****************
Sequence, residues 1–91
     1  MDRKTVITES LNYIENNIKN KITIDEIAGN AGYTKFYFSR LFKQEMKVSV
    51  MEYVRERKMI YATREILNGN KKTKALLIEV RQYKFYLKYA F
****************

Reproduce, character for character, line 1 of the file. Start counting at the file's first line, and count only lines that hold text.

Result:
Sequence, residues 1–91